DONNELLAN QUESTIONS: Does the Village of Nyack frown on patriotic parades?

To the Editor,

Now, I don’t want to go all Norman Rockwell on you but picture this: May, late 1940s, Nyack Post Office step, a tow-headed little kid… short pants… small American flag in hand. He, is me, watching the Annual Memorial Day Parade heading south down Broadway. The reason I’m sitting on the Post Office steps is so I can see over the crowd, which is two or three deep.

Then the parade takes a left down Hudson Street toward the park. Leading the parade were the young World War II veterans looking all strac in their crisp uniforms, followed by the World War I veterans — a little older and a little paunchy and out of step, then bringing up the rear were the Spanish-American War veterans, some riding in convertibles. To me that is, they were the old guys! Funny how your perspective changes. Today I am probably older than some of them!

Once at the park, we would gather around the Memorial for the reading of the names. That would be followed by a rifle salute and of course Taps. Kids still scramble for the empty shell casings. I also vaguely remember a large wooden sign which had the names of all those from Nyack who served and for those who didn’t return, a star was added.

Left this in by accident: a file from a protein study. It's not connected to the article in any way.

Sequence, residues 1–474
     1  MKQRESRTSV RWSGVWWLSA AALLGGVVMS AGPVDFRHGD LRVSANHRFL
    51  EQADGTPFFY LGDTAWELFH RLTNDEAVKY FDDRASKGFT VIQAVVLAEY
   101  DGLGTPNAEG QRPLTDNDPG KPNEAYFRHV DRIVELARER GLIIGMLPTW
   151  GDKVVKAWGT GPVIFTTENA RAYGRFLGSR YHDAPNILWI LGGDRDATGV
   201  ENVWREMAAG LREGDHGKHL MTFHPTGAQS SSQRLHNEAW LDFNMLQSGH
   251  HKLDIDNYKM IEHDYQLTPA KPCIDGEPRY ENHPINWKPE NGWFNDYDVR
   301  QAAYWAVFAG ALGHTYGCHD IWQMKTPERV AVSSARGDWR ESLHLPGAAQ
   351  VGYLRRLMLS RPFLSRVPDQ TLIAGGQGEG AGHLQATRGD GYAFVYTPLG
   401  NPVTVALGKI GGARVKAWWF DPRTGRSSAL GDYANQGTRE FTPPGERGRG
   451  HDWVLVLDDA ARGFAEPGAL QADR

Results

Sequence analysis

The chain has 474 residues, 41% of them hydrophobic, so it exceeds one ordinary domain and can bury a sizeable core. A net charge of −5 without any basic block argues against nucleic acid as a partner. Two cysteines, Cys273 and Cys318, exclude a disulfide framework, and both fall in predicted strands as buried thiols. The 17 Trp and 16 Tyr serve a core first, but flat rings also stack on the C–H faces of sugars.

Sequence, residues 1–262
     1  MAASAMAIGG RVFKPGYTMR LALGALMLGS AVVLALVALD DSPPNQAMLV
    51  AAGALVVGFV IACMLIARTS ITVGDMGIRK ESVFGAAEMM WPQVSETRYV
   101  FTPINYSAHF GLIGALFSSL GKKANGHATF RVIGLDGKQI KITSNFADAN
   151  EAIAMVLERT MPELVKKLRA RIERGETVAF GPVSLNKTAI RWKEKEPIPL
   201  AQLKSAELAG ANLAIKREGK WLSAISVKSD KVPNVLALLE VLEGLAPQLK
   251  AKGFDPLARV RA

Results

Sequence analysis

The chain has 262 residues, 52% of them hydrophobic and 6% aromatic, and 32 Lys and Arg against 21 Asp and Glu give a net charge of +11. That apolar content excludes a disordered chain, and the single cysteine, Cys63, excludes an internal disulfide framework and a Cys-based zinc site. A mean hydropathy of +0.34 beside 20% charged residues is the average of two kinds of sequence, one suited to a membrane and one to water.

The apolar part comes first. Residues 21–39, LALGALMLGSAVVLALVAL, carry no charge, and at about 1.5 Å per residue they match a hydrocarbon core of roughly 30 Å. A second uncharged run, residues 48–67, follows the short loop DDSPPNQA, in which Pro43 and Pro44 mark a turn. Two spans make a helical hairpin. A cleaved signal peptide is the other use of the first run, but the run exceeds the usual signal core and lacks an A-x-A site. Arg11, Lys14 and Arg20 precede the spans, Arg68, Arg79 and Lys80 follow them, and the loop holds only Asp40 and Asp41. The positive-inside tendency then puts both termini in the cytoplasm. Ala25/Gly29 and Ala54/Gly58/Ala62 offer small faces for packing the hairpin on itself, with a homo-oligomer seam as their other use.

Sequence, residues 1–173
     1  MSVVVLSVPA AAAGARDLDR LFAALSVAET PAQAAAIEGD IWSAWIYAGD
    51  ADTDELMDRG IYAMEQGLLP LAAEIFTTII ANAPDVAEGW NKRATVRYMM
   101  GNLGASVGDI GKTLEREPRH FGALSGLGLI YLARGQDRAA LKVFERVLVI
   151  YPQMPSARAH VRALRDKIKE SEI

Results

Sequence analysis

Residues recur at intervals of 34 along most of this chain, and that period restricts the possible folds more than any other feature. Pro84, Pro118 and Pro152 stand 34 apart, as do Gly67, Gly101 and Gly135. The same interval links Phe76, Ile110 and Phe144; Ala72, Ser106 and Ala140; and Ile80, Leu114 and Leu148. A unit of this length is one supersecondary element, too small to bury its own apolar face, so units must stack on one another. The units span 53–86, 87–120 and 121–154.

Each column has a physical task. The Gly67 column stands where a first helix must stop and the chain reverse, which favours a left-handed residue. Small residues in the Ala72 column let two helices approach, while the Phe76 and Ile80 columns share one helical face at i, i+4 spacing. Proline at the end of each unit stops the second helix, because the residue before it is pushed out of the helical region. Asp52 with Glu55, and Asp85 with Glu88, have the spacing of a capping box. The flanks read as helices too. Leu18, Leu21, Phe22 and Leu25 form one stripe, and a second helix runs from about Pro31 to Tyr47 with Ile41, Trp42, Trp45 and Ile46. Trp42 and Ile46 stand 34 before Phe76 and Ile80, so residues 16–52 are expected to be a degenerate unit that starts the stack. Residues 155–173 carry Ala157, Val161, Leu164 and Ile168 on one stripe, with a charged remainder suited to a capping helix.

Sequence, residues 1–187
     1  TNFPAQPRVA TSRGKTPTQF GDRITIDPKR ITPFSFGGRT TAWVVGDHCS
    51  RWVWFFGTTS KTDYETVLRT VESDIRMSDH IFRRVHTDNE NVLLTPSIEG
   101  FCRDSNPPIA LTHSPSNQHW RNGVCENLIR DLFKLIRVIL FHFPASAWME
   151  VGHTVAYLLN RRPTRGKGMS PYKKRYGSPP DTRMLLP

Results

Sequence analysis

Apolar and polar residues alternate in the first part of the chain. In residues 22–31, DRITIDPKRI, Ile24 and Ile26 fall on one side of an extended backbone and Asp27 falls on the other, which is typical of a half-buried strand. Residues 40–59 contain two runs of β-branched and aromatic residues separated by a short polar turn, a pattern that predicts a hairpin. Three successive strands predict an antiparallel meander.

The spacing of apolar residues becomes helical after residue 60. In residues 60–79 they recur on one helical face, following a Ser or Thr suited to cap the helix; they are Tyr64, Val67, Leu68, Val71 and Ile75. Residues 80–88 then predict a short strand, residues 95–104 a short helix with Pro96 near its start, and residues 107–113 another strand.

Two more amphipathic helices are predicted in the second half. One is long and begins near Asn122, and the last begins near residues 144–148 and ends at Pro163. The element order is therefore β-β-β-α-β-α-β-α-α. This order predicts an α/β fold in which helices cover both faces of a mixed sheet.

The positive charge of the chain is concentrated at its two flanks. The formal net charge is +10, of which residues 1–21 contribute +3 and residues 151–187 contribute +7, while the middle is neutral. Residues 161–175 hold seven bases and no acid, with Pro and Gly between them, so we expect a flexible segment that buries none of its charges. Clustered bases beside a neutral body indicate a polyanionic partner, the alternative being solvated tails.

Maybe it was my child’s mind but it seemed the Village of Nyack was truly in support of their troops and veterans, and went out of their way to show that. Today I’m afraid that wouldn’t happen. The American Legion, VFW and other groups have tried to keep the parade alive, but it seems each year the crowds grow fewer. To paraphrase Carl Sandburg: what would it be like if they gave a parade and nobody came?

Back in 2014 Senator Charles Schumer put forth the idea of a Parade down the Canyon of Heroes in New York. Recently, President Trump suggested it, however, the rancor in this country today has gotten so bad, that two Parties having the same idea almost guarantees it won’t work!

But folks, It’s not about them. They are the ones that start the wars! It’s about the millions of young Americans whose lives were forever changed, who are invisible to the general public.

Understand, even those who don’t care for the military need these troops — many of whom are not re-enlisting. 2000 pilots retired. They’re just burnt out from too many missions. Why bother if nobody’s paying attention anyway? They can make better money flying for JetBlue, with nobody shooting at them.

Well, maybe a parade wouldn’t hurt — it would be a start.

Jerry Donnellan

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